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Crime

What the Dallas Morning News Should Do About That Gag Order in Anderson County

The Dallas Morning News has a very solid editorial today, about the ridiculous gag order from the judge in the case of a man accused of murdering six people at a campsite near Palestine. The paper explains that State District Judge Deborah Oakes Evans issued an egregious order demanding journalists not photograph the defendant in the case, William Hudson, nor report anything discussed at the public hearings. The editorial calls the order "wrongheaded" and "unconstitutional," which is probably going easy on the judge. It also lists several big court decisions that make it clear that any kind of prior restraint should be the absolute last measure, taken only when "the evil that would result from the reportage is both great and certain and cannot be mitigated by less intrusive measures." There is no indication in this case that reporting what is transpiring in a public court would cause any evil at all. Remember how crazy people -- especially media people -- went when that University of Missouri professor tried to keep journalists from reporting in a public area? This gag order is exponentially worse. And it's from the government. In Texas! While that editorial is a good (late) start, here's what the DMN should do:
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The Dallas Morning News has a very solid editorial today, about the ridiculous gag order from the judge in the case of a man accused of murdering six people at a campsite near Palestine. The paper explains that State District Judge Deborah Oakes Evans issued an egregious order demanding journalists not photograph the defendant in the case, William Hudson, nor report anything discussed at the public hearings. The editorial calls the order “wrongheaded” and “unconstitutional,” which is probably going easy on the judge. It also lists several big court decisions that make it clear that any kind of prior restraint should be the absolute last measure, taken only when “the evil that would result from the reportage is both great and certain and cannot be mitigated by less intrusive measures.”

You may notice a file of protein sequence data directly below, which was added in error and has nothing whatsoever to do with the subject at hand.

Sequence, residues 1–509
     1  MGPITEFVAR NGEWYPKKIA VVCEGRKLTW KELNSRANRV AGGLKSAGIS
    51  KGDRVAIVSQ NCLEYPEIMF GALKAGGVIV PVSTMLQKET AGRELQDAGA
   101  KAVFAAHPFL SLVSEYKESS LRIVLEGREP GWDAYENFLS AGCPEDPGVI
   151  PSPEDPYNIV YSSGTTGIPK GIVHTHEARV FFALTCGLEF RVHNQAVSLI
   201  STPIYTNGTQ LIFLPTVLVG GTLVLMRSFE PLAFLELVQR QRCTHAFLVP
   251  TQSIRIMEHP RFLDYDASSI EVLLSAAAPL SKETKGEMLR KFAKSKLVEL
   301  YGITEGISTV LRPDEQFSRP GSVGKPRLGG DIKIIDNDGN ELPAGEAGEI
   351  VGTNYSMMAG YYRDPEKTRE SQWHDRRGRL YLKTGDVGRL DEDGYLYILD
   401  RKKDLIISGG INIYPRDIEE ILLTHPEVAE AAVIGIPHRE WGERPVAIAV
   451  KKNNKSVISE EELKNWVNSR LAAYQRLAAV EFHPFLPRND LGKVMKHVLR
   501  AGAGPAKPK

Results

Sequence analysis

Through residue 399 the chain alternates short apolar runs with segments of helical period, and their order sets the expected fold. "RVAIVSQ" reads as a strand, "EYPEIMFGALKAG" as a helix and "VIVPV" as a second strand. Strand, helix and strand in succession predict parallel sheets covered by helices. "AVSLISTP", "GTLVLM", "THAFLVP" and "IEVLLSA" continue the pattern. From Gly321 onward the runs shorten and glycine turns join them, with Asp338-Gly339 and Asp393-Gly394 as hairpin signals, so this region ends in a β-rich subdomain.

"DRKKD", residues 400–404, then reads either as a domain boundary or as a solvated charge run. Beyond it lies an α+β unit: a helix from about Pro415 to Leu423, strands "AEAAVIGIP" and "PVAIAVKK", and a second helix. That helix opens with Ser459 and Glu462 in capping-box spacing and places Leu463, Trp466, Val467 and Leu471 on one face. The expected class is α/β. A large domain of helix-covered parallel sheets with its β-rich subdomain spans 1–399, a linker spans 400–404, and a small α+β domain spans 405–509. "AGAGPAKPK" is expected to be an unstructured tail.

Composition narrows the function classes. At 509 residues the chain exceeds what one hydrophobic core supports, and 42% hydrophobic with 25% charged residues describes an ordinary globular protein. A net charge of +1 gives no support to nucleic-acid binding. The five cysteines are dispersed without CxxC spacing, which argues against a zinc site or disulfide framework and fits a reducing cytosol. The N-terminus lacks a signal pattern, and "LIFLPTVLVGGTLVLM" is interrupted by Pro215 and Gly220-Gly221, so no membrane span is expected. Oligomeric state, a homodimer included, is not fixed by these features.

There is no indication in this case that reporting what is transpiring in a public court would cause any evil at all.

Remember how crazy people — especially media people — went when that University of Missouri professor tried to keep journalists from reporting in a public area? This gag order is exponentially worse. And it’s from the government. In Texas!

While that editorial is a good (late) start, here’s what the DMN should do: Violate the gag order. Violate it as soon as possible. Publish a photo of a suspect walking into the court. Dare the judge to hold you in contempt for taking a photo in a public place. Report what’s being said in court. Dare the judge to hold you in contempt for reporting to the public what is happening in a public trial. Dare her to fill the local jail with journalists who want the truth. Don’t let the weight of this fall on the much smaller, much more vulnerable Palestine Herald-Press. The constitution guarantees both the rights of the press and the right to a public trial. The judge, who should step aside from this case immediately, likely knows she can’t close the courtroom for the entire trial.

The public has a right to know what’s happening inside that court. As the paper’s editorial quotes, “Justice cannot be administered in private.” And the newspaper has a responsibility — to its readers, to the public at-large, and to other members of the media — to make sure that doesn’t happen.

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